Aquatic Farming Frequently Asked Questions

What is an aquatic farmsite lease?

It is a ten-year property right granted by the Department of Natural Resources (DNR) that allows a lessee to develop the state's tide and submerged lands into a shellfish or sea plant farm. The site must meet a production level in annual sales by the end of the 5th year of the lease, and continue to hold at least this production level for each year thereafter.

How do I get a farmsite lease?

There are two ways you may obtain a lease:

  1. In 2003 House Bill 108 mandated the department to have available aquatic farm sites suitable for suspended, inter-tidal or sub-tidal culture. Farm sites not taken under the bill are now available on a first come, first served basis in an over-the-counter offering. For a $25.00 fee, potential farmers may pick up a joint-agency site location packet which is the first step in securing an over-the-counter lease. Because these sites have undergone public review, obtaining a lease may take less than 45 days.

    For aquatic farm projects proposing to use the inter-tidal or sub-tidal ocean area for on-bottom culture, the ADFG requires that a user fee for a survey of the initial abundance of the species intended for culture be submitted with the aquatic farm packet application. The fee for a sub-tidal on-bottom culture aquatic farm site survey is $5,000 per site and for an inter-tidal on-bottom culture aquatic farm site survey is $2,000 per site.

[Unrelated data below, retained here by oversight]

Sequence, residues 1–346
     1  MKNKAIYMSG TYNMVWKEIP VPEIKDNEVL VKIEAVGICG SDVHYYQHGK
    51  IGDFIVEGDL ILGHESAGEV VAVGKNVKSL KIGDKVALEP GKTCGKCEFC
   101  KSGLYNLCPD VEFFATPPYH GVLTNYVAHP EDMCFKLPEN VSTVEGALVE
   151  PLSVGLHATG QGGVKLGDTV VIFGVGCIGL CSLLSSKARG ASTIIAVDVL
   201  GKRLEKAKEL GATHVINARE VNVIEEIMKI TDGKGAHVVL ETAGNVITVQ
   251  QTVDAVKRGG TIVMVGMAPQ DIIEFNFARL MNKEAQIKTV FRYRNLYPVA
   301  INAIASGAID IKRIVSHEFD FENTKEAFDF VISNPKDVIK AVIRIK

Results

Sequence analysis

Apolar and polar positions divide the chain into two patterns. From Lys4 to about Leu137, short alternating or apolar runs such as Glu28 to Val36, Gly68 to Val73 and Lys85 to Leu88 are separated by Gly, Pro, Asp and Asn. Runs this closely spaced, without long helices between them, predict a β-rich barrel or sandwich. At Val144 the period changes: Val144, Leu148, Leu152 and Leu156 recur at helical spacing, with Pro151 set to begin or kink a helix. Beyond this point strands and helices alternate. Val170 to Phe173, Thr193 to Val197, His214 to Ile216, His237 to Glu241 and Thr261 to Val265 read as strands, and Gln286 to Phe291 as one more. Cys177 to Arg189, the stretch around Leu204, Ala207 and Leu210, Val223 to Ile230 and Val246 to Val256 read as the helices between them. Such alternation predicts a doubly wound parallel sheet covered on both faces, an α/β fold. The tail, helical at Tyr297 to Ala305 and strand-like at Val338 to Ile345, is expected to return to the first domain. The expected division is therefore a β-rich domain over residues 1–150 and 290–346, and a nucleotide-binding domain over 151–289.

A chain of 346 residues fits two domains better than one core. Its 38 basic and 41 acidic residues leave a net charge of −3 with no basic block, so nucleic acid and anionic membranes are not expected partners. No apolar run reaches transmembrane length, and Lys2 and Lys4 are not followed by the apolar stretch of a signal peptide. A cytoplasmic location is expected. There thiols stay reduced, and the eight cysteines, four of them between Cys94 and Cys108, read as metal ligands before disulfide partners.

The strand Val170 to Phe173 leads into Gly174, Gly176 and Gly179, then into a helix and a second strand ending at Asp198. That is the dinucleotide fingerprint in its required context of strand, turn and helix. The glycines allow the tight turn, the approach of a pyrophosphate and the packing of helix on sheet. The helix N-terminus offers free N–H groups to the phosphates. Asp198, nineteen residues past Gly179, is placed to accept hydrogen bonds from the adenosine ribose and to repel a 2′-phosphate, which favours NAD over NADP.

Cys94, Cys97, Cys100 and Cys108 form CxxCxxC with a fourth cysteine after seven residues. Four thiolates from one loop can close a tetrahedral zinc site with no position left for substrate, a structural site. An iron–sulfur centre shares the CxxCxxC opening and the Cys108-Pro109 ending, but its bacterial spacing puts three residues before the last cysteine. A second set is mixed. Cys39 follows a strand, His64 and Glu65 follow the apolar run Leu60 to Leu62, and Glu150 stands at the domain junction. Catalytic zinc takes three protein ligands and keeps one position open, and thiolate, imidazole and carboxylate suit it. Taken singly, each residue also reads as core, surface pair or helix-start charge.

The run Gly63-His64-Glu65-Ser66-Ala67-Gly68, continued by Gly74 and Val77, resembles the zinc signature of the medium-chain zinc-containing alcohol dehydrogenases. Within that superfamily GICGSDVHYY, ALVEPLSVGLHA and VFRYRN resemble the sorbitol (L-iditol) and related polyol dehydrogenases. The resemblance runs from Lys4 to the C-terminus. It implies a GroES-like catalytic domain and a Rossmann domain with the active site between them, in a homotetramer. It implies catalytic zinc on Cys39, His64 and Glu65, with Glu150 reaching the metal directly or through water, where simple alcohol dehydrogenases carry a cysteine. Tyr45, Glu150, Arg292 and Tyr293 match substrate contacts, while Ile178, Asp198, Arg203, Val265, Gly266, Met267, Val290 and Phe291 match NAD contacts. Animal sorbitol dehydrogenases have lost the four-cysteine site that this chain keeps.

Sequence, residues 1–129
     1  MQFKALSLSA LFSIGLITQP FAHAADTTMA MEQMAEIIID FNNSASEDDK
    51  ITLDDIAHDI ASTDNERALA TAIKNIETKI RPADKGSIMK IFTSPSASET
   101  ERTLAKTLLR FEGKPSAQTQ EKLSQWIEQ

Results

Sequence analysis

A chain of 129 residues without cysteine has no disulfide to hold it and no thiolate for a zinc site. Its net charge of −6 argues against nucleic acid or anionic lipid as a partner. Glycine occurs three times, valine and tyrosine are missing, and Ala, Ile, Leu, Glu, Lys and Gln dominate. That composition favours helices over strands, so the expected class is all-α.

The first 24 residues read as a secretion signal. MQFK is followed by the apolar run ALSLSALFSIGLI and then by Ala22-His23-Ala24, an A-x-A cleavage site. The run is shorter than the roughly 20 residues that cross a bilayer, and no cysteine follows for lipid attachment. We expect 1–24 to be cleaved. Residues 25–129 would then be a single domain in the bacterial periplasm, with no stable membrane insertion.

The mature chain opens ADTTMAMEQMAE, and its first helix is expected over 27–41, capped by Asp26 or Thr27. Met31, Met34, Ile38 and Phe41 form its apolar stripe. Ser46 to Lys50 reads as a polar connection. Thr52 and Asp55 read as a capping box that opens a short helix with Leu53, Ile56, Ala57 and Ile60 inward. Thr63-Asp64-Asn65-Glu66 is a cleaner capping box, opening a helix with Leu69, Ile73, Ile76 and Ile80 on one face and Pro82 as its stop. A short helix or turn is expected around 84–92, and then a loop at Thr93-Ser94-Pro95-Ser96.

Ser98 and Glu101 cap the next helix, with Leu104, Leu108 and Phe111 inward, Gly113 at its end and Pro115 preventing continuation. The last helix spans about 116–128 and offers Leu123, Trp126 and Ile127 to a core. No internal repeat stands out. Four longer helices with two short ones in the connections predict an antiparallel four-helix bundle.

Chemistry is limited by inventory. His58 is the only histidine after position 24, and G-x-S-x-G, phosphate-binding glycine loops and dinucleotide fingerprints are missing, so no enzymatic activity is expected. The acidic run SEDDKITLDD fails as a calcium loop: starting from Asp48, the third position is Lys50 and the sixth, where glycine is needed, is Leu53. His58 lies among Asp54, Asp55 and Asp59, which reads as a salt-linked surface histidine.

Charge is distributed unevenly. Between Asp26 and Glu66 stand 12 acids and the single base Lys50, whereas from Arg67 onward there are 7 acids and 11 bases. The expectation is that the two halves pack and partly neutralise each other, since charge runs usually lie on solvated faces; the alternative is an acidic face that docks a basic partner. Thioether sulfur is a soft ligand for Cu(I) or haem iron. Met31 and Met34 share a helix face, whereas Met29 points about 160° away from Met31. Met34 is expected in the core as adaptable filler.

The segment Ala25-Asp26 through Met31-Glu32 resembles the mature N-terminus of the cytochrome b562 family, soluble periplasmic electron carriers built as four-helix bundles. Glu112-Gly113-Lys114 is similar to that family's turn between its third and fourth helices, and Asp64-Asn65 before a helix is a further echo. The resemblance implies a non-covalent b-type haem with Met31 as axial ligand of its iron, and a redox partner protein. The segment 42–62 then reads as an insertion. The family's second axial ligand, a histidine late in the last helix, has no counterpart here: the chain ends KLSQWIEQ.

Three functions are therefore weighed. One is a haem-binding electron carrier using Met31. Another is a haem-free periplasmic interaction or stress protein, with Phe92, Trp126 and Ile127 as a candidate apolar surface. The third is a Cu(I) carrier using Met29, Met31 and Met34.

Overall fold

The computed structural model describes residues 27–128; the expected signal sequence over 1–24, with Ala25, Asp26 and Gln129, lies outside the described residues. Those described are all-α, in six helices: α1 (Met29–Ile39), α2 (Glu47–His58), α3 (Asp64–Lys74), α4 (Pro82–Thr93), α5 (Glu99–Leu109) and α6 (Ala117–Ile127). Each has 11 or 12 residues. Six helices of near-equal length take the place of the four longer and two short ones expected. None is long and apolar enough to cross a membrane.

There are currently over 100 over-the-counter sites located in both southeast and southcentral Alaska.

  2. The on-going aquatic farm program, where potential farmers may do their own site selection, requires potential farmers to submit a joint-agency aquatic farm site application with the Department of Natural Resources during the filing period, along with a $100 filing fee. The application is used by all the state agencies to determine your proposal's feasibility. You may need to submit other applications to other agencies.

What costs are associated with a lease?

The charge for the lease will be based on a fair market value appraisal or current fee schedule. The current fee schedule is $450 for the first acre plus an additional $125 per acre, or portion thereof. Also, if you have related upland or floating caretaker facilities, you will be charged other fees as set out in regulations or fee schedules. As with any lease, if you do not want to use the fee schedule, you may pay to have an appraisal done. The appraisal is done in accordance with appraisal instructions issued by DNR.